Four prominent women representing academia, government and the private sectors in the UAE addressed the challenges facing women in leadership in a public panel event hosted by the New York University Abu Dhabi (NYUAD) Institute on Monday. The public panel was featured as part of a two-day workshop bringing together approximately 30 female leaders in the UAE to develop action plans to further the empowerment of women.
The panelists were: panel moderator Farah Foustok, CEO of ING Investment Management, Middle East & Africa; May Al Dabbagh, director of the Gender and Public Policy Program at the Dubai School of Government; Ruba Yousef Al Hassan, advisor in the Social Development Sector at the General Secretariat of the Executive Council — Abu Dhabi; and Behjat Al Yousuf; associate director at Al Ain Colleges, Higher Colleges of Technology.
Throughout the discussion, a recurring theme was the importance of including men in the process of empowering women, as the panelists called for a more integrated approach to looking at gender issues. Women do not live in isolation, they noted, therefore in order to make real progress in female empowerment, the conversation should include both men and women in different sectors of society in order to address concerns within a more realistic and contextualized framework.
"With social change, there needs to be a collective approach to it," Al Yousuf said. "Women need to negotiate and create a win-win situation, where then, collectively, the whole society understands why we are doing this change and the reasons for the change."
"I think the best thing that we can do for women in leadership in the region, is to focus on men," Al Dabbagh added. "The lives of women intersect very closely with men in a variety of ways — as colleagues at work, husbands, as sons, and as people walking down the street… We are doing ourselves a disservice if we assume that men do not have something valuable to add to this process."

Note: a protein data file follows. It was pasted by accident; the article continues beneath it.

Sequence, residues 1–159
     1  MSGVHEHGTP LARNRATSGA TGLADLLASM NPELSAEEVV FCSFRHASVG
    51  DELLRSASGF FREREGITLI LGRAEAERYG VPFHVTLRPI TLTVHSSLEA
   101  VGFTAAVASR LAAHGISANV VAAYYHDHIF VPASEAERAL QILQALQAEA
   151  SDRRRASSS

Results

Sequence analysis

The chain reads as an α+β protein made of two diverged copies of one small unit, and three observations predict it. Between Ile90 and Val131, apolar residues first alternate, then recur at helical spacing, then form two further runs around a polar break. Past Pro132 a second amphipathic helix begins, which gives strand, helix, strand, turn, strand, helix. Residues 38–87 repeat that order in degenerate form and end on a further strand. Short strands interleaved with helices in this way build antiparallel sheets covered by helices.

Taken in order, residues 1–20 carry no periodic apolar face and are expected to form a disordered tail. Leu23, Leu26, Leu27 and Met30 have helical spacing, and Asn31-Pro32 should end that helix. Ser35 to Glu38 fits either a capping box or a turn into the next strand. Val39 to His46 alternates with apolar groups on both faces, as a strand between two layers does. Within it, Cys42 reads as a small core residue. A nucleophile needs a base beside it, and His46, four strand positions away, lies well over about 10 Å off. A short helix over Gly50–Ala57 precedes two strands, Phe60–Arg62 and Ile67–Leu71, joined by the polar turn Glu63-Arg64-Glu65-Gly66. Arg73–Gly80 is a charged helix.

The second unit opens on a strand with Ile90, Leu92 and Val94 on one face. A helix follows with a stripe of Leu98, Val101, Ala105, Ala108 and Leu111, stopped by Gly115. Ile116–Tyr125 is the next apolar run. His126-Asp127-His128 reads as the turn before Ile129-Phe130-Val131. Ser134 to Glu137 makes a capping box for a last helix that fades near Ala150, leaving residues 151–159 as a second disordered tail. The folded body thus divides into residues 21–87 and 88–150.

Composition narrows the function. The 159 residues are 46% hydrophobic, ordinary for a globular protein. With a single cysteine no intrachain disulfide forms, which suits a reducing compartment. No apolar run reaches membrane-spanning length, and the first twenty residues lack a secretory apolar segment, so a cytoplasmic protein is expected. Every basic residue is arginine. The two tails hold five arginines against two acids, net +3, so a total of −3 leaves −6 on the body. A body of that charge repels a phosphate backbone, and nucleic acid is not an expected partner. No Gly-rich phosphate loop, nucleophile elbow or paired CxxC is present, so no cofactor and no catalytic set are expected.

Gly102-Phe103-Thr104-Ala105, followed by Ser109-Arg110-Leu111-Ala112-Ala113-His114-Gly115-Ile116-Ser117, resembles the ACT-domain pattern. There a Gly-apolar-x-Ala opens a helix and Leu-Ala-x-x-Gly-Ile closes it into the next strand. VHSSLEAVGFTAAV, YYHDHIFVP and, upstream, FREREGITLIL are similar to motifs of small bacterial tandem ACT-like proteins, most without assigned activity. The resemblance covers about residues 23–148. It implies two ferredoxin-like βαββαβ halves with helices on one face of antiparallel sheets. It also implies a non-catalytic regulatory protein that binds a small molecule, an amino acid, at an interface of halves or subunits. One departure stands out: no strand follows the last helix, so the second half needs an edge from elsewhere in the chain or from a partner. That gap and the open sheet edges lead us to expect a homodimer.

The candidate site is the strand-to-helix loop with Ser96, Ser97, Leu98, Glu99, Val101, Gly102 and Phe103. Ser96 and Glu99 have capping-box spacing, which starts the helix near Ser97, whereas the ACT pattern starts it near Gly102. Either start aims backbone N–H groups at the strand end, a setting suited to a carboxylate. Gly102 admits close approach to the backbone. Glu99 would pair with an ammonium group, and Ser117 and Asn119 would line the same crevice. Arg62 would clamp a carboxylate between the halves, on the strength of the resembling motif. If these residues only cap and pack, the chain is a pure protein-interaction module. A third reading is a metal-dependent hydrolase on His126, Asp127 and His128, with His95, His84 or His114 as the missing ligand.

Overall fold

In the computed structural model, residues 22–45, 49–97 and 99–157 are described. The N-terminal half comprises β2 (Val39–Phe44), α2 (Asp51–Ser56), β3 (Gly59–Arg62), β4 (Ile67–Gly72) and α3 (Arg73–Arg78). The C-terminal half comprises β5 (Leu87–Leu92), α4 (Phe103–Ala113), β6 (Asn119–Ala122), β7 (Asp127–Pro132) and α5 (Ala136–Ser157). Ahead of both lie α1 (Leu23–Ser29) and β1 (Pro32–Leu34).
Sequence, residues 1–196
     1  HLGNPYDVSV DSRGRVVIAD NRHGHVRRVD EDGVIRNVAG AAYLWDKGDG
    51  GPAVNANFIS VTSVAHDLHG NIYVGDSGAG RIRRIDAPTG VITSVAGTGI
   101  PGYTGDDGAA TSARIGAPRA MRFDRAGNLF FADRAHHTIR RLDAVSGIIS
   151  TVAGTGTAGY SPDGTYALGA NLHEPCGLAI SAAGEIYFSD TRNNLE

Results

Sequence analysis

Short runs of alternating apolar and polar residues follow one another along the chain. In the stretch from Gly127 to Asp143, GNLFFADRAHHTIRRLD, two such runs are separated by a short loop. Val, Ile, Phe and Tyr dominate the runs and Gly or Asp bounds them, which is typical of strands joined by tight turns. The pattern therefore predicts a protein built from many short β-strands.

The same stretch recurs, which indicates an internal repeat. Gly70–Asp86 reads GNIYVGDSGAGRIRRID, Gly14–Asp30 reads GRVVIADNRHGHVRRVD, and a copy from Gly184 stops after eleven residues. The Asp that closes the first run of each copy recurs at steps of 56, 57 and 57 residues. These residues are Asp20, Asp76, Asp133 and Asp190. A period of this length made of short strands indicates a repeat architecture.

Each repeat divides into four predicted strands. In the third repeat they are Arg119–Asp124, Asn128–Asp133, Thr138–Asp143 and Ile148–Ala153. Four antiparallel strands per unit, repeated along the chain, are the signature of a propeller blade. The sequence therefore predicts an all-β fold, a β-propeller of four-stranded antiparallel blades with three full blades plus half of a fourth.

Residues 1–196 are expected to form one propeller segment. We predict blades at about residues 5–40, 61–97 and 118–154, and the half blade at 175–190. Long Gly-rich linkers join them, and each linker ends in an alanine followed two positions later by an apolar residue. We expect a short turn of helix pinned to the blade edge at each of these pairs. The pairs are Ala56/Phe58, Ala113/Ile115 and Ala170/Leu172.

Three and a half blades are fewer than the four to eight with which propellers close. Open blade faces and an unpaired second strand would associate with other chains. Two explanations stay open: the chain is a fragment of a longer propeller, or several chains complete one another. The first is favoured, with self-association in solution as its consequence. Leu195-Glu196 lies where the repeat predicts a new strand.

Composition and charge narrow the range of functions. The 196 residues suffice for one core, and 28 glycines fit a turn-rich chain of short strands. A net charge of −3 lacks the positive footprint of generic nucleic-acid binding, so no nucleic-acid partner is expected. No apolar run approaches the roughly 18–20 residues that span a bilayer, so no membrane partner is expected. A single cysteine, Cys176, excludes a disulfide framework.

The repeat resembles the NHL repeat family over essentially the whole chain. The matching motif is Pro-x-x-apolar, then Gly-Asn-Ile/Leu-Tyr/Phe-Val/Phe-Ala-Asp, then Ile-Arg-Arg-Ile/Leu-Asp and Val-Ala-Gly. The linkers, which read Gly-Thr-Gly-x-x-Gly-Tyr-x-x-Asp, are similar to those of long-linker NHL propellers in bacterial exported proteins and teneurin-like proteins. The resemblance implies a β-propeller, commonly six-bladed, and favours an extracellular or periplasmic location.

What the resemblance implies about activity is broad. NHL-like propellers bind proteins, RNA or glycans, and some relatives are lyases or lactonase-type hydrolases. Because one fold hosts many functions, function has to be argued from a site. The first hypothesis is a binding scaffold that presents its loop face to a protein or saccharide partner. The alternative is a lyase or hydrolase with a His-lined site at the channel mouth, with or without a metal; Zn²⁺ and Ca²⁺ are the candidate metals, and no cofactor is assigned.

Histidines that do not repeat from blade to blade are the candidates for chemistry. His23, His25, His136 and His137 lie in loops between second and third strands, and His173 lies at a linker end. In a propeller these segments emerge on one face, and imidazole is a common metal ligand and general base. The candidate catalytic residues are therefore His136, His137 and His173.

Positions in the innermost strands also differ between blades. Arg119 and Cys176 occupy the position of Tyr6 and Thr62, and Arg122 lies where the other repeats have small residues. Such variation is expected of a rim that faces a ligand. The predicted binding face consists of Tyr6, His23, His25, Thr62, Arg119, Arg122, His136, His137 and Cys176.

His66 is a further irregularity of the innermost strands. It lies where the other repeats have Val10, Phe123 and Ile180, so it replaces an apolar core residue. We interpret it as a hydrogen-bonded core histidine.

Looking to the future, gender issues should not isolate women, but should address challenges facing both genders where they exist, Al Hassan said; providing the example of retention and performance challenges for males that need to be addressed within the education system.
Another significant point of discussion was the important need for increased access to comprehensive, reliable, and scientific research in order to lead policy development.
"We need to understand what is the status quo, what are the barriers, what are the numbers, before we are able to put in solutions," Al Yousuf said.
Al Hassan cited a UAE University survey of women across the UAE that highlighted top concerns that women see for themselves, including access to employment, family dysfunction and domestic violence, and access to quality healthcare. While she said this was a positive start, more research is required to better understand the real issues and challenges facing women.
In addition to being evidence-based, policies and programs designed to empower women must also be culturally sensitive, focused, and sustainable, the panelists said.
The conversation of women in leadership has been evolving as younger generations are more aware about their opportunities and the desire to excel professionally.
"We need to think about engaging about women's leadership issues in ways that are fundamentally different than we have in the past decades," Al Dabbagh said.
The NYUAD Institute workshop and panel event was organized by professors from the Center for Global Affairs in the School of Continuing and Professional Studies at NYU New York: Divisional Dean and Clinical Associate Professor Vera Jelinek, Clinical Associate Professor Carolyn Kissane, and Clinical Assistant Professor Sylvia Maier.